With recent attempts to portray tea-party members as racist backfiring, a renewed attack is being launched, warns the author of “The Tea Party Manifesto,” and this one is from progressive Christians who claim the movement lacks Christlike charity.

Just as the racism accusation from the National Association for the Advancement of Colored People proved groundless before it deteriorated into an embarrassing public-relations disaster that encompassed the White House, says Joseph Farah, author of the “Manifesto,” no one should accept the latest salvo as gospel either. 

Federal welfare programs are “coercively taking money from people and redistributing to other people, which, at the end of the day, is legalized stealing,” Religion News Service recently quoted Farah as saying. “And the Bible is pretty firm on stealing. … When Jesus talks about clothing the naked, feeding the hungry, he’s talking to us as individuals. [The Bible doesn’t] suggest that government is the institution that he designed to help the poor.”

Progressive Christians with ties to the Obama administration – whose policies of government expansion over private-sector industries gave rise, in part, to the tea-party groups – characterized the movement as unbiblical.

“I think that the general ideology of the tea party is not a Christian one,” said David Gushee, co-founder of the New Evangelical Partnership for the Common Good. “This kind of small-government libertarianism, small-taxes, leave-me-alone-to-live-my-life ideology has more in common with Ayn Rand than it does with the Bible.”

In one of his regular columns on the Huffington Post, Gushee wrote, “I believe that extending health-care access to every American was always the right goal and reflects the moral commitments of the Christian faith.”

Gushee’s biography boasts of being “contacted by candidate Barack Obama and remain(ing) in conversation with the religious-affairs office of the Obama administration.”

The Rev. Jim Wallis, founder of the Washington-based social-justice group Sojourners and a key member of Obama’s faith council, is “even blunter in his assessment of the tea party’s approach to giving,” reports Religion News Service.

“The libertarian enshrinement of individual choice is not the pre-eminent Christian virtue,” he wrote on his blog, God’s Politics. “Emphasizing individual rights at the expense of others violates the common good, a central Christian teaching and tradition.”

How “Christian virtue” and “the common good” jibe with Wallis’ own documented radical associations and stances, including support of violent extremists, oppressive regimes and anti-American sentiment, warrants examination, critics say.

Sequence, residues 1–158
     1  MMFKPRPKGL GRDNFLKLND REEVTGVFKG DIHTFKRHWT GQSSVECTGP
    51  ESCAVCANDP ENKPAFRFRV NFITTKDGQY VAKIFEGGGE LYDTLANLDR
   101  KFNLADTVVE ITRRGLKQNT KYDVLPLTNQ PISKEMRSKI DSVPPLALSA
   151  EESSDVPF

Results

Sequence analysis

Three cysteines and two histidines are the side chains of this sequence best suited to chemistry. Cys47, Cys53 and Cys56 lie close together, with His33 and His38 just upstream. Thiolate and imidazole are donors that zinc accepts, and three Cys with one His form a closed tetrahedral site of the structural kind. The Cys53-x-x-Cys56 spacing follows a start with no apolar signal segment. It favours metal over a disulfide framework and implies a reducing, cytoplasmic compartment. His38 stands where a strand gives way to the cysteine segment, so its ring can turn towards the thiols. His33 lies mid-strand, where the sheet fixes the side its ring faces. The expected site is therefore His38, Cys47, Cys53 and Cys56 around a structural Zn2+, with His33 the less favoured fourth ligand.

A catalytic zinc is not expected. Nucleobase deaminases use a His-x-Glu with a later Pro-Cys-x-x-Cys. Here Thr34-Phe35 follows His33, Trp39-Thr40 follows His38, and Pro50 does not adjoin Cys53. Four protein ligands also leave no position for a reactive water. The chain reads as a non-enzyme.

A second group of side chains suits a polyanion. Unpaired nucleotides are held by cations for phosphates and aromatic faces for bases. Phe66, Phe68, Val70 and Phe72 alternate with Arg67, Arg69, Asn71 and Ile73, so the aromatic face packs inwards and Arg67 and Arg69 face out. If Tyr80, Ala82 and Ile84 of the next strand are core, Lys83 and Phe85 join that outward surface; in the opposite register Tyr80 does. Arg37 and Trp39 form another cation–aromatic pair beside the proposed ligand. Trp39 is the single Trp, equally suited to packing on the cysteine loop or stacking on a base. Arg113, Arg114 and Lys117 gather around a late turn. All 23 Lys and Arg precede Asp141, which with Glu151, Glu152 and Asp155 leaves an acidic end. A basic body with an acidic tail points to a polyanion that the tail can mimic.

While the Associated Press described him as a “politically progressive evangelical,” Wallis reportedly served as Michigan leader of the Students for a Democratic Society – out of which Bill Ayers’ domestic-terrorist group the Weather Underground sprouted.

Wallis’ magazine Sojourners, reports WND, “actively lobbied for communist regimes that seized power in Latin America in the late 1970s.” His 1976 book “Agenda of Biblical People” called America “the great power, the great seducer, the great captor and destroyer of human life, the great master of humanity and history in its totalitarian claims and designs.”

Wallis got involved early in the racism offensive against the tea party.

“There is something wrong with a political movement like the Tea Party which is almost all white,” he blogged May 27. “Does that mean every member of the tea party is racist? Likely not. But is an undercurrent of white resentment part of the tea party ethos, and would there even be a tea party if the president of the United States weren’t the first black man to occupy that office?”

Farah, who wrote a book as far back as 2003 predicting the circumstances that would foster the tea-party movement, advises resisting attempts to narrow its scope to tax reform and fiscal issues. Subtitled “A Vision for an American Rebirth,” Farah’s “The Tea Party Manifesto” argues for following the Framers’ example in defining the movement’s spiritual core.

With “phase two in the coordinate strike against the tea-party movement attempting to co-opt the language of faith,” Farah warns, “realizing its spiritual moorings is essential not only to the success, but the actual survival, of the movement – and the future of America’s liberty.”

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